New Year’s Resolution: Out of the Weeds

weeds

I’ve always loved the New Year. The anticipation of things to come, new goals and aspirations, and the promise of growth and fulfillment- I get giddy just thinking about the possibilities. And yet, despite our dramatic chance to do something big and bold, we continually miss the mark, setting resolutions that are inherently underwhelming and even counter-productive, sending ourselves back down into the weeds from which we came.

If you follow my blog then you already know about the weeds. They are the scary dark regions of our inner world where we tend to go and stay. If you think of our minds as expansive networks of concepts, memories, and ideas that stretch out in all directions, the very lowest levels are the weeds. They are filled with personal and emotional details that are highly charged and interconnected. Once activated they quickly trigger related experiences and memories, creating a pin-ball effect that consumes our energy and resources, preventing us from accessing higher levels of thinking and decision making, and their associated benefits.

Higher is definitely better. Free of contextual details and hyper-connectivity, the higher levels allow us to think critically with emotional distance from the minutia that can paralyze our growth and deplete our resources.

But getting out of the weeds is tricky. Because our patterns and emotional triggers are so deeply ingrained, even as we inch our way up through positive choices and behaviors, one false move can send us back down, strengthening the very patterns that we’re trying to break.  Like tendrils wrapping around our ankles, the only way out is to disconnect ourselves entirely, removing their source of sustenance and support.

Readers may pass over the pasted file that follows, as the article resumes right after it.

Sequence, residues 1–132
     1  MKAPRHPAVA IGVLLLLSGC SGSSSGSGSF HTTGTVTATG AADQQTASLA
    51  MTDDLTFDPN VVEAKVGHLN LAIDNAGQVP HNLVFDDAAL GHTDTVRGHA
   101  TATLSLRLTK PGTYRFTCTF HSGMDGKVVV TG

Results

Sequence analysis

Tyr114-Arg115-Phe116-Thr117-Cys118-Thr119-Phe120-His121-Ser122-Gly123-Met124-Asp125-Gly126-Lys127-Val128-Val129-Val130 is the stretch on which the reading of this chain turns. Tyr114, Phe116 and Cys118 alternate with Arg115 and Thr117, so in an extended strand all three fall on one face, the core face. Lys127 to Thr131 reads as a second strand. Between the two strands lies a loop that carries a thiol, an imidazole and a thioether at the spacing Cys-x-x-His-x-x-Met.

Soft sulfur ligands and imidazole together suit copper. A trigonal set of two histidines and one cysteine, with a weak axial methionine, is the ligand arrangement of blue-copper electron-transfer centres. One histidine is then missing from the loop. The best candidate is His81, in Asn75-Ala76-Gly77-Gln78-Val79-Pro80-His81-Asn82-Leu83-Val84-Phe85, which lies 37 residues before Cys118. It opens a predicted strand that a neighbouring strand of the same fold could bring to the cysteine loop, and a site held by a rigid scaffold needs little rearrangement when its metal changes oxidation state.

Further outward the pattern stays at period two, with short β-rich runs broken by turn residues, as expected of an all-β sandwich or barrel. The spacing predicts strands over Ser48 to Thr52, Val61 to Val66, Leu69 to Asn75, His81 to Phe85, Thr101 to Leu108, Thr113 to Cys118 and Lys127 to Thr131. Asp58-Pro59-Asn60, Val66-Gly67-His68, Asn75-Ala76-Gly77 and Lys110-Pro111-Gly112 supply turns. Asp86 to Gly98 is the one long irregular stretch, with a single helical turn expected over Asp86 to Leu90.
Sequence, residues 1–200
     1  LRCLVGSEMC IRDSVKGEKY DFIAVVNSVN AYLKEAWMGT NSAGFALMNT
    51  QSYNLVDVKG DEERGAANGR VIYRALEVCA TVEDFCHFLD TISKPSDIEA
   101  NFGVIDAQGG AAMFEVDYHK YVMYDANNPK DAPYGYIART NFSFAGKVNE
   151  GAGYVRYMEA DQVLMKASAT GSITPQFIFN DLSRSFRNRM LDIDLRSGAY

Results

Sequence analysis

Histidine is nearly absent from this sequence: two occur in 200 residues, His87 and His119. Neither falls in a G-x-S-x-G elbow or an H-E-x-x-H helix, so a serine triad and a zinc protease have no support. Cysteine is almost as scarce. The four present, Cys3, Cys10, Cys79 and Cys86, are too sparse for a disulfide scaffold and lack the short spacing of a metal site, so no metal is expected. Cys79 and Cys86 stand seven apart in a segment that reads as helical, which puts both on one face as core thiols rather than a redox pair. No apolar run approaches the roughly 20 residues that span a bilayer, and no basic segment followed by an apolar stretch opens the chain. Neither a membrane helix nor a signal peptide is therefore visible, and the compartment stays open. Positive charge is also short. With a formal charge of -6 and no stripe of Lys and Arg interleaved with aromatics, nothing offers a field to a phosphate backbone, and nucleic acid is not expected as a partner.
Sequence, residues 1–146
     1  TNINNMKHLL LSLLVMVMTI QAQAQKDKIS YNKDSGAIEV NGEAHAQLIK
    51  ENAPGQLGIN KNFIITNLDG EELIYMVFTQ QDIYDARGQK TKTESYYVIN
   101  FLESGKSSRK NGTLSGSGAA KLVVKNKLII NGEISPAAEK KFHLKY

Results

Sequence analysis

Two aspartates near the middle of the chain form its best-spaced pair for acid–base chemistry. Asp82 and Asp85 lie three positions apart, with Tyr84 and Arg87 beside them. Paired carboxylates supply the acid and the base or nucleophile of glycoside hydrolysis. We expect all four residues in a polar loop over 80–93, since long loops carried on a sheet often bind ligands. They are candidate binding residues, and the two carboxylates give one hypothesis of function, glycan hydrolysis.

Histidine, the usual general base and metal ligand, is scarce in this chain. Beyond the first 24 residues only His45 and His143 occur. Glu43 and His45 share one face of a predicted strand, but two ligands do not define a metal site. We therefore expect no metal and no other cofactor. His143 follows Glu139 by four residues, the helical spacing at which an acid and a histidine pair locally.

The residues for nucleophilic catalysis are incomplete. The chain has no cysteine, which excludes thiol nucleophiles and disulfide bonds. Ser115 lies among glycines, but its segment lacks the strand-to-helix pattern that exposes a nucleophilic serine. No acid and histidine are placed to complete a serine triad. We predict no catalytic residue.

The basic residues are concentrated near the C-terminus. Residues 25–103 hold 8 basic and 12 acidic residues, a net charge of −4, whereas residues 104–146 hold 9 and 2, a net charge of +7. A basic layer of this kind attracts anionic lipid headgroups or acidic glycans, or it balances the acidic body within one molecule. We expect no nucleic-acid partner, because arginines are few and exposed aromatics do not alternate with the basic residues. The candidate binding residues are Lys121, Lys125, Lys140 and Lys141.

Although the process can be challenging, the underlying logic is quite simple. To emerge from the weeds we must create powerful goals that are less specific and detail oriented, far enough away from the weeds that they’ll stretch us higher while mitigating the risk of falling back down. Finding the right goals takes some practice. Want to lose weight? This is too specific and risky, tied to past issues and emotional triggers. How about making healthier choices, or being stronger? You might have to clarify what these look like or mean. You might ask yourself why you want to be healthier, is it just for you or for the people you love? What example do you want to set? Who is the person you want to become? By doing this additional clarification work, you can create new associations and roots that are positive and powerful, moving you beyond your insecurities towards growth and actualization, even in the face of struggle or uncertainty.